The Tennessee Beekeepers Association’s objectives include the promotion of modern, scientific beekeeping throughout Tennessee, encouragement of youth in the art of beekeeping, and informing the public of the importance of the honey bee.
Beekeeper of the Year and Life Membership awards. Since its inception, the TBA has annually recognized two beekeepers for their outstanding contributions to beekeeping in Tennessee. The Beekeeper of the Year award is given in recognition of a member’s service and participation in their local association(s) and the TBA during the previous year. The Life Membership award is given in recognition of a member’s service and participation in their local association(s) and the TBA over the course of their lifetime. Nominations are evaluated and voted on by the TBA board of directors during their fall meeting.
Michael Studer is Tennessee’s state apiarist. Contact Michael for colony inspection, entry permits, moving colonies, pollination list, apiary registration, County or Area Beekeeping Associations Apiary Inspection Grants and other regulatory issues.
Jennifer Tsuruda is Assistant Professor of Entomology and Plant Pathology with the University Of Tennessee Institute of Agriculture. She serves as our state apiculturist and is responsible for the Tennessee Master Beekeeping program.
- Beekeeping in Tennessee
Comprehensive beekeeping pub covers everything from getting started to managing for pests.
- Preparing for Honey Bee Emergencies in Tennessee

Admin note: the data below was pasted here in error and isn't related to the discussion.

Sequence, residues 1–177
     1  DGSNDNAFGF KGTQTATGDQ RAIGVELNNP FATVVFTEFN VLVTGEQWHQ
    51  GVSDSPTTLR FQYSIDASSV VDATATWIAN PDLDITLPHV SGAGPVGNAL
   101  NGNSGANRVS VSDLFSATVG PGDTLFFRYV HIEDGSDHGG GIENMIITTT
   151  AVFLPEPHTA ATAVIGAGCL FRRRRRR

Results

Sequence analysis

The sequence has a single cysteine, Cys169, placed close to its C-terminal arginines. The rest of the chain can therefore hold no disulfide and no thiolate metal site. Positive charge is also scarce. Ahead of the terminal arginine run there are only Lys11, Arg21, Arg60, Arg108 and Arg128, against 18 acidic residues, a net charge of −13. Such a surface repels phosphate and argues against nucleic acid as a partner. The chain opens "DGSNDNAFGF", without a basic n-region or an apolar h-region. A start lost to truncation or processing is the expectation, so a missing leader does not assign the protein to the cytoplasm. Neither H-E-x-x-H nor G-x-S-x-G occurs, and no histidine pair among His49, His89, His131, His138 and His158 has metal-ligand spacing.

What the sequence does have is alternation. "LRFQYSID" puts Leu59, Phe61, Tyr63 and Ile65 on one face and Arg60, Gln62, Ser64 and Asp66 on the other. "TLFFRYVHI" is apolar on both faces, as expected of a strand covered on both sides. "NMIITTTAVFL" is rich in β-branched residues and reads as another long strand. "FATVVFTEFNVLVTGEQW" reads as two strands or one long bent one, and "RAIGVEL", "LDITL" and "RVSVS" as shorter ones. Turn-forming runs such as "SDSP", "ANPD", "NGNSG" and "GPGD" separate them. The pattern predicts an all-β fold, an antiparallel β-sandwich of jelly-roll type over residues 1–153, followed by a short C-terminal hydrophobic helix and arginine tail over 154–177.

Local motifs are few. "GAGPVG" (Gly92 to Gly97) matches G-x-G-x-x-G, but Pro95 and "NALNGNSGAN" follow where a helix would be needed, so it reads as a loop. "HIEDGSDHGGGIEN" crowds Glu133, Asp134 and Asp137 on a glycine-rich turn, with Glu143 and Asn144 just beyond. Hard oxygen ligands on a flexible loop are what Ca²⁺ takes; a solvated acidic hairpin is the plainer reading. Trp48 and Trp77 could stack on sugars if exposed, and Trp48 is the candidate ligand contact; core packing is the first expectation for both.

Guidelines for Emergency Personnel to Subdue Honey Bees
- The Small Hive Beetle – A New Pest of Honey Bees
- Tracheal Mites in Tennessee: Parasites of the Honey Bee
- Using Terramycin for the Prevention of American Foulbrood
The Tennessee Beekeepers Association is a state-chartered non-profit organization.
We are governed by a set of bylaws which you can review here (PDF file).
Tennessee laws affecting beekeepers are collected under the title “Tennessee Apiary Act of 1995” which can be found under “Title 44 Animals And Animal Husbandry” of the Tennessee Code Unannotated. These laws can be viewed online thanks to LexisNexis.
One of the most commonly referenced pieces of Tennessee law is referred to as the Honey House Bill. In short, a beekeeper who produces less than 150 gallons of honey per year can package and sell his/her product in retail stores without the requirement of an inspected food kitchen. You can review details here (PDF file).
While most beekeepers in Tennessee legally bottle honey under the Tennessee Apiary Act, some may wish to build a “honey house” to process their honey harvest. The Tennessee Department of Agriculture has prepared a document detailing what is required for constructing a honey house under the state’s regulations. You can download it here: HONEY SANITATION REQUIREMENTS, 6-11-08 (pdf file)